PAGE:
The problem with so-called community news sites and bloggers is that there is no way to verify their accuracy before they post stories and-or comments. A good editor is both a gatekeeper and fact checker.

The controversial blog from the Republican State Convention - which seems to have disappeared - would have never been published in a newspaper, but it drew plenty of page views here.

Reader comments are one of the worst ideas ever invented. We don't publish unsigned letters to the editor, but we allow any racist nut case or left wing loon to post anonymous comments at will on the Internet.

Newspapers will survive, but probably in a different form than we're used to. But bad Internet sites won't be around much longer, either.

Mackenzie Andersen
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Joined: 08/06/2010 - 5:25pm
When I lived in New York, it

When I lived in New York, it was a ritual for people to go to the bookstore on Saturday night to wait for the delivery of the Sunday Times. People buy the Boothbay Register- paper format - for a similar reason. It actually is a local newspaper- actually covers the local community- There is a Wiscasset Edition but other than that this is a genuine local enterprise- unique to the local community. News Papers that are not sustained by the Sussman Empire can still survive if they offer something unique to their community- even at the state level there is room for a new newspaper- one that is not slanted to the left. Publishers should pay more heed to the success of Fox News- it is successful in part because it filled a void- served a public that formerly was not served- but also because of its presentational style.

J. McKane
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Joined: 05/22/2005 - 12:01am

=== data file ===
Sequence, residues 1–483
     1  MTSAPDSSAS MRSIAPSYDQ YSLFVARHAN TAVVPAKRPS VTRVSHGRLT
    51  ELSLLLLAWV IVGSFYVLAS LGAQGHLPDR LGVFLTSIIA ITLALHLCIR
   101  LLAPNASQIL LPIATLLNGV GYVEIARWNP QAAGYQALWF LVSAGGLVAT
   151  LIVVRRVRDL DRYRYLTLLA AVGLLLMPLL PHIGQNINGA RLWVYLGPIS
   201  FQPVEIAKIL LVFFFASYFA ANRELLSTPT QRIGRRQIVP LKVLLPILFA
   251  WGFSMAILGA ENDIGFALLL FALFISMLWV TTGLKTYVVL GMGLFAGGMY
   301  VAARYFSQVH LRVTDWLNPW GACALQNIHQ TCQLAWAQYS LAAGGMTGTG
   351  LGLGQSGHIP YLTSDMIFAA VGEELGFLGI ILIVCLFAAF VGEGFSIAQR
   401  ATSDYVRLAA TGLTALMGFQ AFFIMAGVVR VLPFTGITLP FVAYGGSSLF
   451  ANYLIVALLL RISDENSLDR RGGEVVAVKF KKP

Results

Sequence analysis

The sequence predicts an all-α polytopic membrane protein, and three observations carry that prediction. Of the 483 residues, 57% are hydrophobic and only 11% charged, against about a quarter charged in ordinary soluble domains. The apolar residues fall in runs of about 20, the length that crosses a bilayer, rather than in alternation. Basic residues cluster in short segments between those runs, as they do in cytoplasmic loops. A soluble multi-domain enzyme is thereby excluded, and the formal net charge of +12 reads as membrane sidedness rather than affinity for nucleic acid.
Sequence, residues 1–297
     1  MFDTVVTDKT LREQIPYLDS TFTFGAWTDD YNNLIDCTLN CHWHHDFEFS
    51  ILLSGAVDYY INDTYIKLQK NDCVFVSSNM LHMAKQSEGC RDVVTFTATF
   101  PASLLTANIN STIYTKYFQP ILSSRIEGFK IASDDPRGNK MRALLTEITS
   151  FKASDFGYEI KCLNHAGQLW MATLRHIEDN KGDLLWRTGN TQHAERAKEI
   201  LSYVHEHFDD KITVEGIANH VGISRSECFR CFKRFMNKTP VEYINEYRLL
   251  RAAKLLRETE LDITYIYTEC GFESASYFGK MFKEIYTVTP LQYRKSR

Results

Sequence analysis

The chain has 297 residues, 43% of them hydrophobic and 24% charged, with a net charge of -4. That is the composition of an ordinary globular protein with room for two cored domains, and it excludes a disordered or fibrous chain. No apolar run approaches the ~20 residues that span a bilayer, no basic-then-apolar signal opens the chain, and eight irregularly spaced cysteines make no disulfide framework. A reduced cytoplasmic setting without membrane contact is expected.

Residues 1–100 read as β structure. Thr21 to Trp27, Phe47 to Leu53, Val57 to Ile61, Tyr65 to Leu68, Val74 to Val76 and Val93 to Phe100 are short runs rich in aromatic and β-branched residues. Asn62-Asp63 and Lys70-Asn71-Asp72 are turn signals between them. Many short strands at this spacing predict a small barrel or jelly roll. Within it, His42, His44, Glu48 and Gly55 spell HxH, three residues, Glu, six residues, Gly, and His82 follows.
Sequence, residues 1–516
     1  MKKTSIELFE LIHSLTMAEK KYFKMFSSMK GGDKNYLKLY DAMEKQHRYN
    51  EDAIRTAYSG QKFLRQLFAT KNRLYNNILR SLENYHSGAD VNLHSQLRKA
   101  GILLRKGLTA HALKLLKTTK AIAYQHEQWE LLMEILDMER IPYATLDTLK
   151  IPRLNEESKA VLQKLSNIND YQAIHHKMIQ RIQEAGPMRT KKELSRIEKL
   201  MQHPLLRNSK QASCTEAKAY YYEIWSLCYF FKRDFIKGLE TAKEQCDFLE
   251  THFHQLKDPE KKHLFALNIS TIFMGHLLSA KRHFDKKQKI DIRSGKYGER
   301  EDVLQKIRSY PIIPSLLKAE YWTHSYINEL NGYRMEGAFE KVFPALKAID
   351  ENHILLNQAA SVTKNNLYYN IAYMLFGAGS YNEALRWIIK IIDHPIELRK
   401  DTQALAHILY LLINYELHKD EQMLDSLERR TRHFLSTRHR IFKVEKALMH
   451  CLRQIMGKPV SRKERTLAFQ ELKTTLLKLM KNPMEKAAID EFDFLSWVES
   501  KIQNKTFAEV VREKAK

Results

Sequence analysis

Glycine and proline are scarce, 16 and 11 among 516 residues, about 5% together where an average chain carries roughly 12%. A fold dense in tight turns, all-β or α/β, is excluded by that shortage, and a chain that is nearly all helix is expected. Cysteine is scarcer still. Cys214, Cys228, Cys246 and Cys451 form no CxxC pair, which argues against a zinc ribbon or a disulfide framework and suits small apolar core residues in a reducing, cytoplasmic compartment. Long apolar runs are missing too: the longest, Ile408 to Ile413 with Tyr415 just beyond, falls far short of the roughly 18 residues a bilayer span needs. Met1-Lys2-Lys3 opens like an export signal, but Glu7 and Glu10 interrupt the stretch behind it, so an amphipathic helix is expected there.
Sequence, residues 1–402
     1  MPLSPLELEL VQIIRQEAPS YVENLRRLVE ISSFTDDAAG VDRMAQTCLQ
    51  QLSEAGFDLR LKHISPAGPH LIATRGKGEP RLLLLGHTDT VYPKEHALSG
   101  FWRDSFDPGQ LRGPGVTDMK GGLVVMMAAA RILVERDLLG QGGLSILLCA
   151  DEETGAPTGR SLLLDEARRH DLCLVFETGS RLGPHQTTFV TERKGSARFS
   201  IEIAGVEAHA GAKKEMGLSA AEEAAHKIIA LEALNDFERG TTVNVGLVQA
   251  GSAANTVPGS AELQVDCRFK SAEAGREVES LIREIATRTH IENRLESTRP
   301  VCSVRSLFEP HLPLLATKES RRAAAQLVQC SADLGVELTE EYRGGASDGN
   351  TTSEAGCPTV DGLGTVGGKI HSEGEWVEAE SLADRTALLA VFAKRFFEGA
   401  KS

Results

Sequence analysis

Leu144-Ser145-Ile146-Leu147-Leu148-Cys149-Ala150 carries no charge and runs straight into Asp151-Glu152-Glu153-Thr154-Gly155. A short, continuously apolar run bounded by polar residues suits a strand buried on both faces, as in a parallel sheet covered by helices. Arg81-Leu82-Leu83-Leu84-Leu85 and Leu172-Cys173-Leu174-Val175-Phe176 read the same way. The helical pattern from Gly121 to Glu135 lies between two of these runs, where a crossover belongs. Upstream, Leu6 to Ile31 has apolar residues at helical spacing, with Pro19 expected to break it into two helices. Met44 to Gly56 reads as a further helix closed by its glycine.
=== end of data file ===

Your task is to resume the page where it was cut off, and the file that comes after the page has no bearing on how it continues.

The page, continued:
A good editor is both a

A good editor is both a gatekeeper and fact checker.

The "facts" being printed as news in the three major Maine newspapers - PPH, BDN, LSJ as well as others - are often erroneous. At times it appears intentional.

taxfoe
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Joined: 03/22/2000 - 1:01am
"What is most surprising is

"What is most surprising is the continuing stubbornness demonstrated by so many media chieftains in failing to recognize the new realities of public demand."

I disagree. This train has a bright light and a loud whistle. They've known it's been coming for years. What they have failed or forgotten to do is to report truthfully, package attractively and still make money doing it. Rather than adapt or admit defeat, they instead bribe Congress to reinvent the internet in a design that guarantees they make money, subscriber and content be damned.

I still buy, albeit reluctantly, local papers all over the country but not as often as I used to. Local news, the only value, has all but vanished and $1 dailies has become the norm. I'm almost to the point where I'll retire this laptop (a pain to haul into a restaurant), pick up a tablet, instead and probably never buy a newspaper again.

I prefer a site like Forbes. I click an unidentified link from Drudge and, if it's Forbes, the first thing I see is their 'Quote of the Day' and a full page ad with a video, usually. I always read the quote and occasionally watch but it's more likely I'll click through to the article. I know Forbes and trust their website and content and am willing to jump through their hoops. If it turns out to be CBS news, I don't like it because the story won't load and I can't move around the page until the ads load. That's a pain, I back out and, if I'm that interested, I'll go find the story from another source. I mean, it isn't like these guys are producing original content anymore.